players reps got ook by a slick powerpoint multimedia brief.
    baffled by bullshit!

  8. it’s called capitalism right? no different than nascar teams trying to win the same race i would think.

  9. Florio,
    As a lawyer and a football fan I’m 100% with you in this crusade. 21 year old football players don’t recognize the ramifications of the conflict of interest you’ve presented. It’s obvious from the comments that many readers, likely older and better educated, don’t either.
    However, I don’t think the problem lies with Condon. The guy seems to do a kick ass job getting clients EVEN when the seeming conflicts make hiring him less attractive. Kudos to him for his success. No one has accused him of dishonesty or dirtiness (at least this year) … just the possibility of mischief.
    The NFLPA should be protecting the players. Either by instituting waiver requirements from players, ‘chinese walls’ (which could be tweaked to work better than they did on Wall Street), and other NON-EDUCATIONAL rules that protect against the conflicts you’re discussing.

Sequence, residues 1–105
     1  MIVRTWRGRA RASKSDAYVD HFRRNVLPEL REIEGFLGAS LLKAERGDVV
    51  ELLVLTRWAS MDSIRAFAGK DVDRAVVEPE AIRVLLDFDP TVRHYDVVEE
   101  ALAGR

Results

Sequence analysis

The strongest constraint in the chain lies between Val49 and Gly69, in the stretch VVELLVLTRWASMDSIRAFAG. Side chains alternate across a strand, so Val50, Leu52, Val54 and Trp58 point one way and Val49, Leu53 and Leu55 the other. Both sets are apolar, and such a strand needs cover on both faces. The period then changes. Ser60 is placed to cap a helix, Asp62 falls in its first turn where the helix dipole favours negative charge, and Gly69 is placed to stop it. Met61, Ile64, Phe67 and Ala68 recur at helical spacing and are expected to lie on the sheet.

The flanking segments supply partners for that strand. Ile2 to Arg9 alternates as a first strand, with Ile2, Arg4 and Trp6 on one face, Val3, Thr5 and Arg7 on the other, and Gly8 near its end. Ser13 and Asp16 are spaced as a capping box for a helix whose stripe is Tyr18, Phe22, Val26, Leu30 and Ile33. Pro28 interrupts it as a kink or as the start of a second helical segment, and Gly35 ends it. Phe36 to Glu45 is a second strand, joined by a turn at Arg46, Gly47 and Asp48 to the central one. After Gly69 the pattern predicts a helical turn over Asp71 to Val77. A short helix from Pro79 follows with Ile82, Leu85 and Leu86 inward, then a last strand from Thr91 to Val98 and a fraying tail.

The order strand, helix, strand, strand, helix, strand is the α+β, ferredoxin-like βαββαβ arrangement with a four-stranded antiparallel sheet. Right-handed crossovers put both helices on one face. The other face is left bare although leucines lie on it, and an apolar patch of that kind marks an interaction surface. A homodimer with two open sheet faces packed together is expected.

Education and disclosure alone is insufficient because of the timeline.

  10. While I see the conflict, it is certainly less critical than attorny/client. Liberty isn’t at stake.
    Additionally there is an almost forced conflict. Is competing for first in the draft any different than competing for any roster spot? Sharing a limited pie (limited by salary cap rules) among two or more clients? It’s a slippery but short slope.

  11. One is a OT the other is a QB. How can there be a conflict of interest? The terms of a deal for a tackle do not resemble that of a QB. For one thing, the team can ultimately only choose one of the two player positions on the table (in this case OT or QB). Because of this, the agent cannot possibly be lobbying for one player at the expense of the other’s interest.
    No confiict here. Apples and Oranges.

  12. While I agree the agents can be snakes preying on both their clients’ naivete and team management simultaneously, the only “negative” outcome I really see in a situation like this is that one player ends up being slightly less grossly overpaid than another.
    Remember kids: it says right on the box that Condons can only safely & effectively be used once!